Skip to main content

Advertisement

Log in

Prevalence of Prescription Medication Use Among Non-pregnant Women of Childbearing Age and Pregnant Women in the United States: NHANES, 1999–2006

  • Published:
Maternal and Child Health Journal Aims and scope Submit manuscript

Abstract

Many prescription medications have limited information regarding safety for use during pregnancy. In order to inform research on safer medication use during pregnancy, we examined prescription medication use among women in the United States. We analyzed data from the 1999–2006 National Health and Nutrition Examination Survey (NHANES) to estimate the prevalence of prescription medication use in the past 30 days among pregnant women and non-pregnant women of childbearing age (15–44 years) and to ascertain the most commonly reported prescription medications by women in these groups. We assessed how the most commonly reported medications differed among groups defined by selected demographic characteristics, including age, race/ethnicity, and markers of socioeconomic status. Prescription medication use in the past 30 days was reported by 22 % of pregnant women and 47 % of non-pregnant women of childbearing age. The most commonly reported prescription medications by NHANES participants differed somewhat by pregnancy status; allergy and anti-infective medications were more common among pregnant women, while oral contraceptives were more common among non-pregnant women. Use of prescription medication for asthma and thyroid disorders was reported by both groups. Although prescription medication use in the previous 30 days was less common among pregnant women than non-pregnant women, its use was reported among almost 1 in 4 pregnant women. Many of the most common medications reported were for the treatment of chronic medical conditions. Given the potential impact of medications on the developing fetus, our data underscore the importance of understanding the safety of these medications during pregnancy.

This is a preview of subscription content, log in via an institution to check access.

Access this article

Price excludes VAT (USA)
Tax calculation will be finalised during checkout.

Instant access to the full article PDF.

Fig. 1

Similar content being viewed by others

References

  1. Adam, M. P., Polifka, J. E., & Friedman, J. M. (2011). Evolving knowledge of the teratogenicity of medications in human pregnancy. American Journal of Medical Genetics Part C, Seminars in Medical Genetics, 157(3), 175–182.

    Article  Google Scholar 

  2. Lagoy, C. T., Joshi, N., Cragan, J. D., et al. (2005). Medication use during pregnancy and lactation: An urgent call for public health action. Journal of Women’s Health, 14(2), 104–109.

    Article  PubMed  Google Scholar 

  3. Lo, W. Y., & Friedman, J. M. (2002). Teratogenicity of recently introduced medications in human pregnancy. Obstetrics and Gynecology, 100(3), 465–473.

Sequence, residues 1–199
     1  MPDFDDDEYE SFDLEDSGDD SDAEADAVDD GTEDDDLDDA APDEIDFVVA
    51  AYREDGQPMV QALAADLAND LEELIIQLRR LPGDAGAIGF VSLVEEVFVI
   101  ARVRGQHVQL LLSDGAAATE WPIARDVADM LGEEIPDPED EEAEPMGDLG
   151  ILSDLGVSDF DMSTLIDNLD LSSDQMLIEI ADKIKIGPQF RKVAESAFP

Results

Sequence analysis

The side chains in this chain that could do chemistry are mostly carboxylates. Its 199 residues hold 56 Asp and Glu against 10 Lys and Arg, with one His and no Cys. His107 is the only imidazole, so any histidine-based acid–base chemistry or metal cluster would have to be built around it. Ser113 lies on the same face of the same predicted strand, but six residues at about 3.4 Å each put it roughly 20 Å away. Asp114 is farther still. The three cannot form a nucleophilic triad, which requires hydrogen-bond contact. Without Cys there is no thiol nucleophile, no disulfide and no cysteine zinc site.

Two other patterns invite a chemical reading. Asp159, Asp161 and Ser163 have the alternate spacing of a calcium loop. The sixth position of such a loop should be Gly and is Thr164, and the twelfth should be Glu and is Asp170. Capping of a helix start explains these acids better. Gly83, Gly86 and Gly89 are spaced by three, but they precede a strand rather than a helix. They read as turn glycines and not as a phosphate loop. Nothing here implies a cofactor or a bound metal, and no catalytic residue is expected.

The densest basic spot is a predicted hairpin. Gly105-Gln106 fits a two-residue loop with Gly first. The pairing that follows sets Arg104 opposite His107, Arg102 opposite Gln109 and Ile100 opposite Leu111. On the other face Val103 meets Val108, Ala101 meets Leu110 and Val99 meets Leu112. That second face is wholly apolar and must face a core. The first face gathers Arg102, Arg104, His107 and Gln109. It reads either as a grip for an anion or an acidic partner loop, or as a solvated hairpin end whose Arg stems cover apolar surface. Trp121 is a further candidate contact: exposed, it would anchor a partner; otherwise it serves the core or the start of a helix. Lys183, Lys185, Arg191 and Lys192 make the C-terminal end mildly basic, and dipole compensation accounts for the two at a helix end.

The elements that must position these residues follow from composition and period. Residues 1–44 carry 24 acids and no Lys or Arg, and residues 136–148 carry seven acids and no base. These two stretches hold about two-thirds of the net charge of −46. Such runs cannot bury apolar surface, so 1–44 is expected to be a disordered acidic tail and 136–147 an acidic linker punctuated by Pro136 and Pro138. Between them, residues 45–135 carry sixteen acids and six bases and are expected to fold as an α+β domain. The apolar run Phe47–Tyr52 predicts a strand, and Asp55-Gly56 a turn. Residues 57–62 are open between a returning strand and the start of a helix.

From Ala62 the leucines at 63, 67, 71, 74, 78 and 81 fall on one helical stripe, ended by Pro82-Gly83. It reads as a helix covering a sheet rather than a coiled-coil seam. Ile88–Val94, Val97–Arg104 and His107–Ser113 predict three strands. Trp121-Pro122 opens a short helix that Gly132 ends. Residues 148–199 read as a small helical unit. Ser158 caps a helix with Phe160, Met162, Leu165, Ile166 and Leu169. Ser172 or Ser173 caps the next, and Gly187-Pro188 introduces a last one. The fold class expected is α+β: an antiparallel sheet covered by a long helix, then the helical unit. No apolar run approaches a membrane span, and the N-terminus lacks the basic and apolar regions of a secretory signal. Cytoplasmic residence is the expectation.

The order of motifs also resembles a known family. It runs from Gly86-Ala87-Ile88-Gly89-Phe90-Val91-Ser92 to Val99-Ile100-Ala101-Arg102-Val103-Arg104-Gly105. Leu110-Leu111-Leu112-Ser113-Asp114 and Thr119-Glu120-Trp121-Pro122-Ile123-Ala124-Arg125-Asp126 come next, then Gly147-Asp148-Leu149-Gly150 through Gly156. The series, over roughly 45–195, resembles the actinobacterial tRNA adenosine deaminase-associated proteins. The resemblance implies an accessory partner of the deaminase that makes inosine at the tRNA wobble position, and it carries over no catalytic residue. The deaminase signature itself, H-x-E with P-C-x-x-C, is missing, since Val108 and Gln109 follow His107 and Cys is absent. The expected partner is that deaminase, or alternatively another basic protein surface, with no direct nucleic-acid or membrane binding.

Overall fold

Article  CAS  PubMed  Google Scholar 

  4. Mitchell, A. A. (2003). Systematic identification of drugs that cause birth defects—A new opportunity. The New England Journal of Medicine, 349(26), 2556–2559.

    Article  CAS  PubMed  Google Scholar 

  5. Thorpe, P. G., Gilboa, S. M., Hernandez-Diaz, S., et al. (2013). Medications in the first trimester of pregnancy: Most common exposures and critical gaps in understanding fetal risk. Pharmacoepidemiology and Drug Safety, 22(9), 1013–1018.

    PubMed Central  CAS  PubMed  Google Scholar 

  6. Artama, M., Gissler, M., Malm, H., et al. (2011). Nationwide register-based surveillance system on drugs and pregnancy in Finland 1996–2006. Pharmacoepidemiology and Drug Safety, 20(7), 729–738.

    Article  PubMed  Google Scholar 

  7. Bakker, M. K., Jentink, J., Vroom, F., et al. (2006). Drug prescription patterns before, during and after pregnancy for chronic, occasional and pregnancy-related drugs in the Netherlands. BJOG, 113(5), 559–568.

    Article  CAS  PubMed  Google Scholar 

  8. Bjorn, A. M., Norgaard, M., Hundborg, H. H., et al. (2011). Use of prescribed drugs among primiparous women: An 11-year population-based study in Denmark. Clinical Epidemiology, 3, 149–156.

    Article  PubMed Central  PubMed  Google Scholar 

  9. Daw, J. R., Hanley, G. E., Greyson, D. L., et al. (2011). Prescription drug use during pregnancy in developed countries: A systematic review. Pharmacoepidemiology and Drug Safety, 20(9), 895–902.

    PubMed Central  PubMed  Google Scholar 

  10. Espnes, M. G., Bjorge, T., & Engeland, A. (2011). Comparison of recorded medication use in the Medical Birth Registry of Norway with prescribed medicines registered in the Norwegian Prescription Database. Pharmacoepidemiology and Drug Safety, 20(3), 243–248.

    Article  PubMed  Google Scholar 

  11. Stephansson, O., Granath, F., Svensson, T., et al. (2011). Drug use during pregnancy in Sweden—Assessed by the Prescribed Drug Register and the Medical Birth Register. Clinical Epidemiology, 3, 43–50.

    Article  PubMed Central  PubMed  Google Scholar 

  12. Andrade, S. E., Gurwitz, J. H., Davis, R. L., et al. (2004). Prescription drug use in pregnancy. American Journal of Obstetrics and Gynecology, 191(2), 398–407.

    Article  PubMed  Google Scholar 

  13. Mitchell, A. A., Gilboa, S. M., Werler, M. M., et al. (2011). Medication use during pregnancy, with particular focus on prescription drugs: 1976–2008. American Journal of Obstetrics and Gynecology, 205(1), 51e1–51e8.